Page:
From the side the monitor is reasonably svelte, although not super-slim due to its use of an internal power converters, VESA mounting capability and the fact the ports are featured in a normal location rather than being consigned to the stand base. It’s ~17.5mm (0.69 inches) at thinnest point but lumps out further towards the centre. At the left side there are also 2 USB 3.0 ports, the lower of which offers BC 1.2 fast-charging of connected devices. The stand design comprises a fairly low-profile base that does not take up too much valuable desk space, particularly in terms of depth. The total depth of the monitor including the stand and base is ~200mm (7.87 inches). The stand offers full ergonomic adjustment; tilt (-5° to 21°), height (130mm or 5.12 inches), swivel (45° left, 45° right) and pivot (90° clockwise, 90° anti-clockwise). At lowest height the bottom of the screen clears the desk by ~70mm (2.76 inches) with the top of the screen ~399mm (15.71 inches) above the desk surface. In portrait orientation the screen can be made to touch the stand base, so offers a very good minimum height in that orientation.

A view from the side

Portait viewing

At the rear, the screen combines a satin matte silver finish with matte black plastic. This continues the theme used for the stand neck and base. The stand attaches centrally using a proprietary quick-release bracket mechanism and can be released using a button beneath the stand neck, directly under the port attachment area. This reveals 100 x 100mm VESA holes, so you can use an alternative compatible mounting solution if preferred. There is a cable-tidy loop integrated into the stand neck, whilst a K-Slot is located to the left of this region at the rear of the screen. The ports are down-firing and include; AC power input (internal power converter), HDMI 2.0 (HDCP 2.2 compliant), DP 1.2, mDP 1.2, DP 1.2 out (for MST daisy chaining), 3.5mm audio out, USB 3.0 upstream and 2 further USB 3.0 ports (2nd one supports BC 1.2). The DP 1.2 output is covered with a removable orange plug out of the box so that people don’t mistake it for an input and wonder why the monitor doesn’t display a signal when using that port alone. A power cable, mDP-DP cable and USB 3.0 cable is included as standard.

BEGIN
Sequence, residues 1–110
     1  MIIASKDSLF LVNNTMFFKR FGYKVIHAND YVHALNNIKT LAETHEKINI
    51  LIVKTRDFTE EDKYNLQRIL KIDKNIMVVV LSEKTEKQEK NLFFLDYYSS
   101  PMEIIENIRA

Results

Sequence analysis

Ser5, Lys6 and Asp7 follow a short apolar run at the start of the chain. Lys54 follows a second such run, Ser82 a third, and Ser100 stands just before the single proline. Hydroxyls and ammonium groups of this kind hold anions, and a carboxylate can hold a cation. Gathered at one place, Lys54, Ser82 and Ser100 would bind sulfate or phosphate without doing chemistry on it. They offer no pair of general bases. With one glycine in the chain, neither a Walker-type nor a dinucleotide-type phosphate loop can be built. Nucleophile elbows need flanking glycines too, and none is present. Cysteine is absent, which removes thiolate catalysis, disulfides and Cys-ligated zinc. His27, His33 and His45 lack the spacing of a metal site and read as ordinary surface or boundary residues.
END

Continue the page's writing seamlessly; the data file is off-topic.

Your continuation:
A view of the rear

The ports

Calibration

Subpixel layout and screen surface

The image below is a macro photograph taken on Notepad with ClearType disabled. The letters ‘PCM’ are typed out to help highlight any potential text rendering issues related to unusual subpixel structure, whilst the white space more clearly shows the actual subpixel layout alongside a rough indication of screen surface. A light matte anti-glare screen surface is used here, handling glare effectively whilst keeping the image free from obvious ‘smeary’ graininess. There is only a light ‘misty’ graininess, with the screen giving quite a smooth appearance even when viewing light shades.

Subpixel layout